At a time when big Midwest grain crops are contributing to lower global food prices, the lack of rain in the nation’s biggest agricultural state is boosting costs for fresh fruits.
Sept. 23 (Bloomberg) -- First it was the surge in beef prices, and then seafood went through the roof. Now you can add lemons to the growing list of ingredients cutting into profit on the menu at Joe’s Seafood, Prime Steak & Stone Crab.
The three Joe’s restaurants, in Washington, Chicago and Las Vegas, use more than 800 lemons a day sliced as garnishes on entrees or juiced for drinks and sauces. A case of 165 lemons costs managing partner Mike Rotolo about $50, up from $30 to $35 in the past year, and many are less juicy than normal.
"This is the worst I’ve seen, and I’ve been at it for at least 25 years," Rotolo said by telephone from Chicago. "We’re fighting costs on all fronts, with seafood, prime steaks. If we changed our menu every time we had a spike in one of the items we’re buying, it’s just impossible."
A prolonged drought in California, which grew 91 percent of U.S. lemons this year, contributed to a surge in costs. Wholesale prices almost doubled from a year earlier, and retail lemons are up 36 percent to $2.327 a pound in August, the highest since the Bureau of Labor Statistics began tracking them in 1980.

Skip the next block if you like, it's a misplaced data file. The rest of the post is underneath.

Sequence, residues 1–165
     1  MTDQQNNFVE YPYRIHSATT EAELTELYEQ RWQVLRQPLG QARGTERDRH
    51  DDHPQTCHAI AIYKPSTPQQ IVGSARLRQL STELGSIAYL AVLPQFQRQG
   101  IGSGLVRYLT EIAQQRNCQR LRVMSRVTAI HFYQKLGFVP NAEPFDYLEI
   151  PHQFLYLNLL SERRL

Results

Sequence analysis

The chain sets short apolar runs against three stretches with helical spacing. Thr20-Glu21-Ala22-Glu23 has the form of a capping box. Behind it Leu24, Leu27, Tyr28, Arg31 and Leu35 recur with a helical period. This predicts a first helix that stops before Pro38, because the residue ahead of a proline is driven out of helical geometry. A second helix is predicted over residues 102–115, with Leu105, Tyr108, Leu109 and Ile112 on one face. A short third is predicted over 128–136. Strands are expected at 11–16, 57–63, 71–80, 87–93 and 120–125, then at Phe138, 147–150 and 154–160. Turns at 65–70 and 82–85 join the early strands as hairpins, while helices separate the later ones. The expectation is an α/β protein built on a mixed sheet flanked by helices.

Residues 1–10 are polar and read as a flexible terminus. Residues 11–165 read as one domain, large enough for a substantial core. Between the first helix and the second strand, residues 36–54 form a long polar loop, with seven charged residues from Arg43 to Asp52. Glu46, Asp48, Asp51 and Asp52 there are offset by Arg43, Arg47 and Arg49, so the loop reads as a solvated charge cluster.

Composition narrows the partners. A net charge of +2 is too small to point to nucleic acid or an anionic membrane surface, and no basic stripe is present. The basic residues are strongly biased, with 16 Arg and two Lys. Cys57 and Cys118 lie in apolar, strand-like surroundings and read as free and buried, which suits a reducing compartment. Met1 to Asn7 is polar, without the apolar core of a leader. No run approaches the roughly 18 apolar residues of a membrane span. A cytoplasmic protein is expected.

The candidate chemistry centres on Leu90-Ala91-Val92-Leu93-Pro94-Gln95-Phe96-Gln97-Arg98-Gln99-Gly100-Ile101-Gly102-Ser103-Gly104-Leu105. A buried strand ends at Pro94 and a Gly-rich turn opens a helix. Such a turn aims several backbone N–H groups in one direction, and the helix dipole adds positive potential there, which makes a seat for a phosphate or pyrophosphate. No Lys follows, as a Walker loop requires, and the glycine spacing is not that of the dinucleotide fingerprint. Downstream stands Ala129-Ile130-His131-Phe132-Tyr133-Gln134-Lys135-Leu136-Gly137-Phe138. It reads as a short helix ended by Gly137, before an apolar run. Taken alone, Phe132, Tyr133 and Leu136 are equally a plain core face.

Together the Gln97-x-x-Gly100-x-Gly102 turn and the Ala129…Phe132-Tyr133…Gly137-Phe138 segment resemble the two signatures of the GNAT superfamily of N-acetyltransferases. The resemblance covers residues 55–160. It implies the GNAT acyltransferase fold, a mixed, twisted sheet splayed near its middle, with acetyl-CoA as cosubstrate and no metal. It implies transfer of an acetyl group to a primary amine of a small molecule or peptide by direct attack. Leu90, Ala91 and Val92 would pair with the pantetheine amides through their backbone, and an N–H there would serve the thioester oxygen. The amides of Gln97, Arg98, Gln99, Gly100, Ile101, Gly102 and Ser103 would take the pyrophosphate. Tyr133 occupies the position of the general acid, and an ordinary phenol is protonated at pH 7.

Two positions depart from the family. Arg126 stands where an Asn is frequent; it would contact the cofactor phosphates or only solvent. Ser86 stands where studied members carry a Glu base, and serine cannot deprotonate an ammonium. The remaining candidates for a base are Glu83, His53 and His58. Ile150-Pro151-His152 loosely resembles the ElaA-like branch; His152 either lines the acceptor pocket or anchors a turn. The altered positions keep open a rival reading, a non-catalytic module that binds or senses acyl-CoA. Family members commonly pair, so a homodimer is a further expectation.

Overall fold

At a time when big Midwest grain crops are contributing to lower global food prices, the lack of rain in the nation’s biggest agricultural state is boosting costs for fresh fruits. The U.S. Department of Agriculture forecasts an increase of 5 percent to 6 percent this year, matching expected gains in meats and eggs. Smaller U.S. livestock herds sent retail beef and pork to records this year, and a USDA shrimp index is up 24 percent in a year and the highest since the data starts in 1991.
Overall food prices this year will rise 2.5 percent to 3.5 percent, up from 1.4 percent in 2013, with the California drought potentially having "large and lasting effects" on produce, dairy and eggs, the USDA said in an Aug. 25 report.
Domestic lemon production in the year ended July 31 tumbled 8.8 percent to 832,000 short tons (754,800 metric tons), while the surge in prices boosted the value of the crop by 62 percent to $647.7 million, USDA data show.
The output decline reflects smaller fruit as a result of the dry spell, said Bob Blakely, vice president for California Citrus Mutual, an industry group in Exeter. The entire state, which is the largest U.S. fruit and vegetable grower, was in drought as of Sept. 16, with more than half the area getting the worst ranking possible by the U.S. Drought Monitor.
The crop also was hit by a freeze beginning in December that damaged crops in the San Joaquin Valley, causing $24 million in lost revenue, California Citrus Mutual estimates.
California farmers harvest lemons almost year-round, with the majority coming from coastal counties including Ventura, north of Los Angeles, and prices tend to rally in the warmer summer months when demand increases for lemonade and citrus flavors in grilling and salad dressings.